Między „ziemią obiecaną” a „złym miastem” – cała (?) prawda o Łodzi w publicystyce i prasie warszawskiej, cz. 2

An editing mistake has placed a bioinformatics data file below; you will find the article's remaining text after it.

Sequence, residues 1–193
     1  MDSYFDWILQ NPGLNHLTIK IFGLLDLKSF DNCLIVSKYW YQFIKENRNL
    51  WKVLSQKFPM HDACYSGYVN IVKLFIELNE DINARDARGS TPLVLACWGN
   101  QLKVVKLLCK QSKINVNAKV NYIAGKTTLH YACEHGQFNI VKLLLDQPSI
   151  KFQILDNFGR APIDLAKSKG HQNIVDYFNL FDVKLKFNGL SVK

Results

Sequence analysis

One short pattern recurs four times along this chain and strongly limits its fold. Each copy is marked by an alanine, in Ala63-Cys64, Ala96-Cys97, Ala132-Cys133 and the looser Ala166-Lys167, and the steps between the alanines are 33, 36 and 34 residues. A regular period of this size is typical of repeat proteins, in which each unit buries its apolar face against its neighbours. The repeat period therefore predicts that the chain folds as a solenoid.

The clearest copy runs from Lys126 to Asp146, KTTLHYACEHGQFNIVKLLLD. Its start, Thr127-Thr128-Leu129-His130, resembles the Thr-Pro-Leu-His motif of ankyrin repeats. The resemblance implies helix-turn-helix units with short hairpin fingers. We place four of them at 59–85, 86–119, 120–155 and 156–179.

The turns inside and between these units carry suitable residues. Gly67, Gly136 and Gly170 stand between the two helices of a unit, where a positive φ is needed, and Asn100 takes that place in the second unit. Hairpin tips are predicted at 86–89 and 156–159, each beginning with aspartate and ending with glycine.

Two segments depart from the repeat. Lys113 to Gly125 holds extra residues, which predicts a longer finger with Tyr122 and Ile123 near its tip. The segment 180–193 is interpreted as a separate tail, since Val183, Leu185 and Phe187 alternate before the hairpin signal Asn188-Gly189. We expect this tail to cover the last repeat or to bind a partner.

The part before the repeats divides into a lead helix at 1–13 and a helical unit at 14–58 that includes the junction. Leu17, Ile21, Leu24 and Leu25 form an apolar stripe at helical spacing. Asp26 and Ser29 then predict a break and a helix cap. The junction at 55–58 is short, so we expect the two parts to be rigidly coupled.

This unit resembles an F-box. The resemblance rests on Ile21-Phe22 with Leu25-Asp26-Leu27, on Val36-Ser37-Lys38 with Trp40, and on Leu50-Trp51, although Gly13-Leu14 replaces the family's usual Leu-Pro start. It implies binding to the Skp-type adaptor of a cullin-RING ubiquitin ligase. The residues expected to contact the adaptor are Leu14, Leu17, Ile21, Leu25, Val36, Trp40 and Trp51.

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The article focuses on the metaphorical term used in order to describe Łódź at the turn of nineteenth century. Apart from conventional names, such as “Polish Manchester” or “the other Babel”, journalists from Warsaw searched for fresh metaphors, which were supposed to establish a unique character of the cottonopolis. The journalist who coined the term “linear city” referred to the territorial expansion of the metropolis (underlining the pace of development), as well as the topography of the city. A lot of attention was also paid to the contrasts in Łódź (“an interesting city”), where wealth and poverty existed in an odd symbiosis, even within the space of one street. The journalists from the capital, though perceived Łódź through its industrial character, paid insufficient attention to the biggest group of citizens – workers. Only one article, written by Mieszkowski, stands out as a vast monograph. The description of workers’ lives completes the bigger picture of “the home of hectic work”. The writers frequently underlined the provincialism of the city. It was its industrial character which made this probably most cosmopolitan of Polish cities to be perceived as provincial, due to its poor cultural life and superiority of industry over art. Similarly to Reymont, who ironically entitled his novel “Promised Land”, one journalist called the city “a major cultural centre”.